Understanding the Minor in Possession Laws of Arizona

Having discussions early on with teenagers about alcohol consumption is one of the most preventive measures parents can take. Naturally, we want to keep our children from making bad decisions or doing things that can affect their future. With all the effort spent educating and warning teens of the consequences of drinking and getting caught, many are still bound to make this mistake.

In 2018, the Substance Abuse and Mental Health Services Administration (SAMHSA), released a report stating that 19.2% of minors between the age of 12 and 20 were drinking alcohol.

Arizona’s population in 2018 was over 6.9 million and close to 800,000 of that population consists of this young age group. If you have a minor who was recently charged with a minor in possession (MIP), get representation immediately.

Contact Killham Law Office to get started.

The Minor in Possession Law

Under ARS 4-244(9), there is a very long list of laws that apply to a minor in possession. The very basic law of ARS 4-244(9) is that “it’s unlawful… for a person under the legal drinking age to buy, receive, have in the person’s possession or consume spirituous liquor.” For minors who have acted outside the law when consuming alcohol, there could be harsh consequences.

Some of the consequences a minor could face if convicted for a minor in possession charge are:

  • Monetary fees
  • Possible jail time of up to 180 days
  • Probation for up to 3 years
  • A misdemeanor on you permanent record
  • License suspension for those under the age of 18
  • Mandatory participation in rehabilitation
  • Mandatory participation in substance abuse educational programs
  • Community service

Having an MIP on your record can also negatively impact future endeavors to get a job, apply for colleges, financial aid, scholarships, and other extra-curricular activities they may be involved in.

Exceptions to the Minor in Possession Law

The minor in possessions laws have many different rules and restrictions, however, there are some exceptions to the rules when it comes to minors consuming alcohol.

Medicinal Purposes

Believe it or not, there are exceptions for the purpose of medicinal use, but it’s not exactly what you might think. Under ARS 4-226(3)(a), minors can have alcohol for medicinal purposes if they are one of the following:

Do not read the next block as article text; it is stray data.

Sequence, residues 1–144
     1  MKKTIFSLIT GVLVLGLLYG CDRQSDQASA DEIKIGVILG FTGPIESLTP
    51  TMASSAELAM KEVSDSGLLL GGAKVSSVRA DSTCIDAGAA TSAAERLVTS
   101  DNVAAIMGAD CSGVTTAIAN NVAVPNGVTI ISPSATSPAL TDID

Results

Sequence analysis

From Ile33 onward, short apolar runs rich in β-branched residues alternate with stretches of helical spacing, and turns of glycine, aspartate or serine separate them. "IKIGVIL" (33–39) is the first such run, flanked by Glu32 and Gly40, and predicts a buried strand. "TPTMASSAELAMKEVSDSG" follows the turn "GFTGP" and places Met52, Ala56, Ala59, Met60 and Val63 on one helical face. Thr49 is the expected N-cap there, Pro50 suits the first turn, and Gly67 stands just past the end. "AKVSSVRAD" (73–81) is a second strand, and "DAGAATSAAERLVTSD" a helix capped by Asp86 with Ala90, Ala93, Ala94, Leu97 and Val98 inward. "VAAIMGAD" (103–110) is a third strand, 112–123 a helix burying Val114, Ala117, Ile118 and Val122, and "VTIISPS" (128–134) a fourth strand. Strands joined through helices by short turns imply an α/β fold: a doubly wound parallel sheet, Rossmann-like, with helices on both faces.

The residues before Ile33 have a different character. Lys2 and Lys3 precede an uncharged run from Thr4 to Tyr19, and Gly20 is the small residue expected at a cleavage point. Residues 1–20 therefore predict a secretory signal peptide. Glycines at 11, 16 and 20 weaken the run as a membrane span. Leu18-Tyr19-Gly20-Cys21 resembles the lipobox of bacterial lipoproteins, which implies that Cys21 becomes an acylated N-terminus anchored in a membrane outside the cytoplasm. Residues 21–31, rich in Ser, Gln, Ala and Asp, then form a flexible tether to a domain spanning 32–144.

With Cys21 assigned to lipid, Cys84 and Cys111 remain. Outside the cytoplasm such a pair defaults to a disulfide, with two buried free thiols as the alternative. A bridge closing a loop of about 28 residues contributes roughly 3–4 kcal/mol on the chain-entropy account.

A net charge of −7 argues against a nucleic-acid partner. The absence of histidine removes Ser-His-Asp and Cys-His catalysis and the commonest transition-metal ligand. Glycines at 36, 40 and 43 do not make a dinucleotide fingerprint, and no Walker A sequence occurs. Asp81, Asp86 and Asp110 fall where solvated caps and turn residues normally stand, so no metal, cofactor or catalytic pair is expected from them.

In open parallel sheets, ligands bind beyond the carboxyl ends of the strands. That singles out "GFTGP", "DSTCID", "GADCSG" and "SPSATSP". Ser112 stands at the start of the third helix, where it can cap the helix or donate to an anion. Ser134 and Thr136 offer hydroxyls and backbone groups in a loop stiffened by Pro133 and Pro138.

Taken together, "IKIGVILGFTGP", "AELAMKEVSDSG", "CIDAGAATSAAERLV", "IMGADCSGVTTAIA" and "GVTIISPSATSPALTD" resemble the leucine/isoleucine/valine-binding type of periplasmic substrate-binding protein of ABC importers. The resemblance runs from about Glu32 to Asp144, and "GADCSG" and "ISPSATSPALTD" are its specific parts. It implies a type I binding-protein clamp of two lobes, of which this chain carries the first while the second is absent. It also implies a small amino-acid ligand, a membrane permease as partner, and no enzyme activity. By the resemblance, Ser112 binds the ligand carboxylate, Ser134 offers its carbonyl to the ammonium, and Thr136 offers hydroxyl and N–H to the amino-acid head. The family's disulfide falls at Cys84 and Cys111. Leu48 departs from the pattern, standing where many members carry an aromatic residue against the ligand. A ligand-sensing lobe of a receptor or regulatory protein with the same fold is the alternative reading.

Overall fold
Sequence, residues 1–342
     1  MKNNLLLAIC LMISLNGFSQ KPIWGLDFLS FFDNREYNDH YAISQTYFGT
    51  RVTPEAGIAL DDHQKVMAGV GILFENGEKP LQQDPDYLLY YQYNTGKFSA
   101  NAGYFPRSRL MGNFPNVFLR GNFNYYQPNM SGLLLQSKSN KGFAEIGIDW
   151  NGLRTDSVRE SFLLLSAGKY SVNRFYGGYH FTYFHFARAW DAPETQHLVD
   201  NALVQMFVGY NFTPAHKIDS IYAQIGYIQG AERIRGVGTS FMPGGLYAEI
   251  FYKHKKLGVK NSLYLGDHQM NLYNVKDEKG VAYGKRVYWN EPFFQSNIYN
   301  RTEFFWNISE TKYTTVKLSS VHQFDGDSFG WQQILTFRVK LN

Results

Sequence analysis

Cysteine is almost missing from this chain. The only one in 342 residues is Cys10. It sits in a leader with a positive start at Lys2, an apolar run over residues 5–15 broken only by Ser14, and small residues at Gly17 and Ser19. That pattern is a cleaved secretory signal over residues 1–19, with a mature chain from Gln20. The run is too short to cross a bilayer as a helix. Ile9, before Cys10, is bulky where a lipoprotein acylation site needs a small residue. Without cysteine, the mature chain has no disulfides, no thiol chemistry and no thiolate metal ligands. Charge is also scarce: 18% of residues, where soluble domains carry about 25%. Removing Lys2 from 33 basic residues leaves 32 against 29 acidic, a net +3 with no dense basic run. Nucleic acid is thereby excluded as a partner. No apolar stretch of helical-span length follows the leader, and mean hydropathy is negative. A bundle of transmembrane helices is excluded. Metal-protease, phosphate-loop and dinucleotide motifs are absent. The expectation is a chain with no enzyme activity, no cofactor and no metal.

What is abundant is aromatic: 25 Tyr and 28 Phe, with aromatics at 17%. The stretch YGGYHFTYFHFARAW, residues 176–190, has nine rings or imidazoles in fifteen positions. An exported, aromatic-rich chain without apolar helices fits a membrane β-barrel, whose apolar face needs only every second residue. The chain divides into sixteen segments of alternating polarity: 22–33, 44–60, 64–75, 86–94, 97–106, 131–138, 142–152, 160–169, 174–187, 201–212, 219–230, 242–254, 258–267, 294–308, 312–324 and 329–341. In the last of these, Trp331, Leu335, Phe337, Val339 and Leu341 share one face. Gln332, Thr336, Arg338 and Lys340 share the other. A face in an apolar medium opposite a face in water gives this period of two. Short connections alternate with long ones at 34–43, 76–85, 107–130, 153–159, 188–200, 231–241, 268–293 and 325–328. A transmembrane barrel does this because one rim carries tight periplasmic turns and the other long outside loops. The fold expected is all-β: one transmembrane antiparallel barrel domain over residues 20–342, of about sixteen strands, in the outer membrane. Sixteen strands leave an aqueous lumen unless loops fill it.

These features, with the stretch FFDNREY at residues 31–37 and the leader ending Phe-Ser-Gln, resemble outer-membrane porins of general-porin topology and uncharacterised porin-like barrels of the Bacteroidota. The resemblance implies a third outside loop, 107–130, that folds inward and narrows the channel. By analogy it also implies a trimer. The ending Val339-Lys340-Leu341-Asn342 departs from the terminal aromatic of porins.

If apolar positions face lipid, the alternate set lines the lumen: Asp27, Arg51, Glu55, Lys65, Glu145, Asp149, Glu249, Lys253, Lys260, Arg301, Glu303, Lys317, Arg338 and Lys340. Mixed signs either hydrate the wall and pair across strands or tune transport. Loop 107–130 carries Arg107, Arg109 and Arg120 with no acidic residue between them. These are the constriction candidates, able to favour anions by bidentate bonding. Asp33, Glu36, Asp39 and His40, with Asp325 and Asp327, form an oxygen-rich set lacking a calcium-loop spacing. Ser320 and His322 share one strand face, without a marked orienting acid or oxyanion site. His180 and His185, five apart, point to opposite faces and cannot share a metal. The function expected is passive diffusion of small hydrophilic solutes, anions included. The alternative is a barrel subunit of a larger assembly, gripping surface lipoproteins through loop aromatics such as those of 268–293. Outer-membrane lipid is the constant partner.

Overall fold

• Drugstores selling spirituous liquors as prescription only
  • If the spiritous liquors are in confectionery candy and contain less than five percent by weight of alcohol
  • Ethyl alcohol use for the intended purposes of scientific, chemical, mechanical, industrial and medicinal

To read more in-depth about these exemptions and other exemptions go here.

Religious Purposes

In addition, under ARS 4-226(4) and ARS 4-249, minors can have alcohol for religious purposes. The following apply to this exemption.

  • “The purchase, storage, distribution, service or consumption of wine in connection with the bona fide practice of a religious belief or as an integral part of a religious exercise by a church recognized by the United States internal revenue service under section 501(c)(3) of the internal revenue code and in a manner not dangerous to public health or safety.”
  • Liquor consumption by an underage person in religious service is allowed

Under either of these exceptions, the alcohol cannot endanger the health or safety of the public. While these exceptions exist, they are rarely present in criminal cases.

Underage Possession & Possession

There are situations when a family feels that if the underage person is in possession of alcohol in their family household, it is safer and more controlled. However, this is against the law in the state of Arizona.

Possession of alcohol, while the parent is present or consents, is against the law. Possession of alcohol, while a spouse is present or gives consent, is also against the law.

All laws prohibit underaged individuals from consuming alcohol at no matter where they are or what household they are in. In the state of Arizona, Consumption of alcohol, while the parent or spouse is present or consents, is against the law.

Underage False Identification for Obtaining Alcohol

Obtaining alcohol using false identification is prohibited in the state of Arizona and may result in a minor in possession charge. If the minor is charged, he or she may have their driver’s license suspended.

Will There Be A Jury for a Minor in Possession?

There is no jury for a minor in possession. The case will be handled and litigated by a single judge. Because the defendant would receive only up to 180 days of jail time, Arizona courts don’t see any reason or significance in organizing a jury to be present.

How to Handle a Minor In Possession Case

If you have an underage individual who is being charged with a minor in possession, it’s important to get legal representation. There are a variety of defenses the experts at Killham Law Office can use to help you reverse the fate of your teenager’s mistake. The types of defense methods for the fighting a minor in possession charge include:

  • Constitutional violation
  • Statutory exceptions
  • No criminal intent
  • Alcohol belongs to another person
  • Scant smell of Alcohol
  • Out-of-court confession
  • Scant Presence

Contact Killham Law for Representation

Researching a minor in possession charge and trying to navigate this case could hurt you in the long run. Hiring a trust minor in possession lawyer in Arizona could be the difference in a brighter future for your minor.

Contact Killham Law Office at 623-239-0886.

For a FREE Consultation Call 623-239-0886

We’ll use the facts to make your case is successful.
To take the next step with your case, call us.
We’ll put you on the right track and give you the end result you deserve.

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